Office of Civil Rights Issues Guidance on School District Section 504 Policies

February 4, 2013
Legal Update

Section 504 of the Rehabilitation Act of 1973 prohibits discrimination on the basis of disability in programs and activities.  All schools that receive federal financial assistance are subject to its requirements.  The United States Department of Education, Office for Civil Rights ("OCR"), is charged with the responsibility of enforcing school districts' compliance with the requirements of Section 504.

On January 25, 2013, OCR issued a "Dear Colleague" letter, which is a significant guidance document in this area.  OCR issued this guidance to provide school districts to assist them in meeting their obligations, and to provide members of the public with information about their rights, under Section 504.

The letter analyzed and re-iterated the OCR's position on school districts' responsibilities in this area.  Public schools need to be aware of this Dear Colleague letter, because it signals a possible enforcement emphasis by the OCR.

The OCR pointed out that simply because a student is qualified as a student with a disability, that does not mean that the student must be allowed to participate in any selective or competitive activity.  School districts may continue to require a level of skill or ability of a student in order for that student to participate in the program or activity.  The selection or competition criteria may not be discriminatory, however.

Additionally, a school district's obligation to comply with Section 504 supersedes any rule of any athletic association, organization, club or league that might otherwise render a student ineligible to participate or limit eligibility.  This would include rules promulgated by state high school athletic associations.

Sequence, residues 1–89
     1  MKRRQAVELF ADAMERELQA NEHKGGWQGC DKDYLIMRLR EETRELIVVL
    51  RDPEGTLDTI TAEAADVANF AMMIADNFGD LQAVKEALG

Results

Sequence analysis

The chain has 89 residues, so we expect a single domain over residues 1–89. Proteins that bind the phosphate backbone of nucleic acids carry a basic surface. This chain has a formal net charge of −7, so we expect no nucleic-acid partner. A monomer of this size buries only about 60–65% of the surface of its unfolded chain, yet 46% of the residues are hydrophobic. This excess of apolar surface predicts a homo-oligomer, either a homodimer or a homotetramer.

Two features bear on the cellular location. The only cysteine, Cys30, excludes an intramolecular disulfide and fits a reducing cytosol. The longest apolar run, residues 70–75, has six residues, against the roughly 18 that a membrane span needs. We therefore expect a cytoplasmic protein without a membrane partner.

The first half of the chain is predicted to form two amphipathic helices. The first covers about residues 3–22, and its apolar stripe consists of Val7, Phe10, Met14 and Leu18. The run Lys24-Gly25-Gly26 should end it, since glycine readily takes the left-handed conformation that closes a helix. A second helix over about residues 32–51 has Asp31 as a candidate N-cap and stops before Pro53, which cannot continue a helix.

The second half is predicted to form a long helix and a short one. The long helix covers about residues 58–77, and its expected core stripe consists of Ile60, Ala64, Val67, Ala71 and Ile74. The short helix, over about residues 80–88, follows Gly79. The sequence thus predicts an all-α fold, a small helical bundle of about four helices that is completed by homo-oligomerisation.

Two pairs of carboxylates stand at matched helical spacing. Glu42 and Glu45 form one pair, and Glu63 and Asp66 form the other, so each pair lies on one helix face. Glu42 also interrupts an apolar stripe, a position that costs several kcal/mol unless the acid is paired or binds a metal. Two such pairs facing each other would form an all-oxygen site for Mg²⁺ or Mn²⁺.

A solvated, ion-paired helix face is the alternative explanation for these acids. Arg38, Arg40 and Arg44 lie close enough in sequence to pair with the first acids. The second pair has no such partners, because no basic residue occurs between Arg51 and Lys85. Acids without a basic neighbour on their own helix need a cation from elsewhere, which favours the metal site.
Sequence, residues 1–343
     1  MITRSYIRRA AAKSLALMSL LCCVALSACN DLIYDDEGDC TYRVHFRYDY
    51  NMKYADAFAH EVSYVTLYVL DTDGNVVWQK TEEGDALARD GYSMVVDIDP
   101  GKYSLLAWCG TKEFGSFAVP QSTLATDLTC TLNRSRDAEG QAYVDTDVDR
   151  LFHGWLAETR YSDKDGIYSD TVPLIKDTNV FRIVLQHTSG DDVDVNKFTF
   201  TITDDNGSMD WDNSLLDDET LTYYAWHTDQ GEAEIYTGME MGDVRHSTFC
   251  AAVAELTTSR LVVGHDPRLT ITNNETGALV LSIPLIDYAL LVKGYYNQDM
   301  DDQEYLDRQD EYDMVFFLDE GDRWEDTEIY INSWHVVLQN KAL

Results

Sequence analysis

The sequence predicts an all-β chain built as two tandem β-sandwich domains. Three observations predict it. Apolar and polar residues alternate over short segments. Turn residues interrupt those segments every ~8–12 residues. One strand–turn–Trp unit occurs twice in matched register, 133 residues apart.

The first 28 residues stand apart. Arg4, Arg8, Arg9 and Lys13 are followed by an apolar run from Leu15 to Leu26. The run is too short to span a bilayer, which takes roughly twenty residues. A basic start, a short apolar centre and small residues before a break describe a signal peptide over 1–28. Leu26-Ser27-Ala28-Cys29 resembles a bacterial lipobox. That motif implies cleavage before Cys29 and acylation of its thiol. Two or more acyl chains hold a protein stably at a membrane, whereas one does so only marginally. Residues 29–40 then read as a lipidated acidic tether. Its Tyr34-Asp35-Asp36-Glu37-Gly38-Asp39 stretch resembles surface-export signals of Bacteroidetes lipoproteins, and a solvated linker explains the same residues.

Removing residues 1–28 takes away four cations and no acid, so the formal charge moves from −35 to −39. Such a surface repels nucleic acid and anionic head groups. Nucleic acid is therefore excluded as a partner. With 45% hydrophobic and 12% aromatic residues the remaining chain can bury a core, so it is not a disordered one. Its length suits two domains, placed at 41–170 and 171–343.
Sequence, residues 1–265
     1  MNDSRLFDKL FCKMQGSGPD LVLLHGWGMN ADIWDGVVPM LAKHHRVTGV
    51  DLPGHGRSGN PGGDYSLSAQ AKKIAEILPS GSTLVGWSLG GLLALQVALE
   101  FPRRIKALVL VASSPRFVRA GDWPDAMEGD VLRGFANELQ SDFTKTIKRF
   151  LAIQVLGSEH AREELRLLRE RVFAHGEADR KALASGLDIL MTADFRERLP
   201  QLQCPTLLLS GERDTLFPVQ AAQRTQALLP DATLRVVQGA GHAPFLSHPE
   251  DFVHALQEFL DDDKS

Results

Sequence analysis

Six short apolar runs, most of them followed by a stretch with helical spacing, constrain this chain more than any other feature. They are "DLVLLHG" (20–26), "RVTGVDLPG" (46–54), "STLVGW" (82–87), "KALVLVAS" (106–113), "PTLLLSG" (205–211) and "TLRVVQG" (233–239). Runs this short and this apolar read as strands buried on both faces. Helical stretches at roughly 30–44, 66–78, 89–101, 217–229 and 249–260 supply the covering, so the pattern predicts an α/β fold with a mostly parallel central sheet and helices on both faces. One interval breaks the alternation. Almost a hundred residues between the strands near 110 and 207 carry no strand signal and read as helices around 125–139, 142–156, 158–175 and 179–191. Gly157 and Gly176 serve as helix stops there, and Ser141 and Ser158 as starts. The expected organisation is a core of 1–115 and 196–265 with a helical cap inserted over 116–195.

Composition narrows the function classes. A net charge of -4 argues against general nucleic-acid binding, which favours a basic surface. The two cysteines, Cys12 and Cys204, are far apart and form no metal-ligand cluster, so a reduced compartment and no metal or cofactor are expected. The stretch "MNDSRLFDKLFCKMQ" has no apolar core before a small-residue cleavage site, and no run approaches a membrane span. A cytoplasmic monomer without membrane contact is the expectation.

The Dear Colleague letter contains examples of actions that OCR would find unacceptable.  These include school district making decisions, or operating programs or activities, based on generalizations, assumptions, prejudice, or stereotypes about disabilities.  Additionally, a school district may not rely on generalizations about the abilities of students with the same type of disability, because one student with a certain type of disability may not be able to participate effectively in a sport, while another student with the same disability may be able to participate effectively.

Finally, the Dear Colleague letter emphasized that extracurricular activities must be offered in such a manner as to afford qualified students with disabilities an equal opportunity for participation.  This may mean making reasonable modifications and providing aids and services that are necessary to ensure such an equal opportunity (unless the school district can prove that doing so would be a fundamental alteration to its program).

A school district may still adopt bona fide safety standards when implementing an extracurricular athletic program or activity.  Schools must consider, however, whether safe participation by a student with a disability can be assured, through reasonable modifications, or through the provision of aids and services.

Attorneys

Practices

Top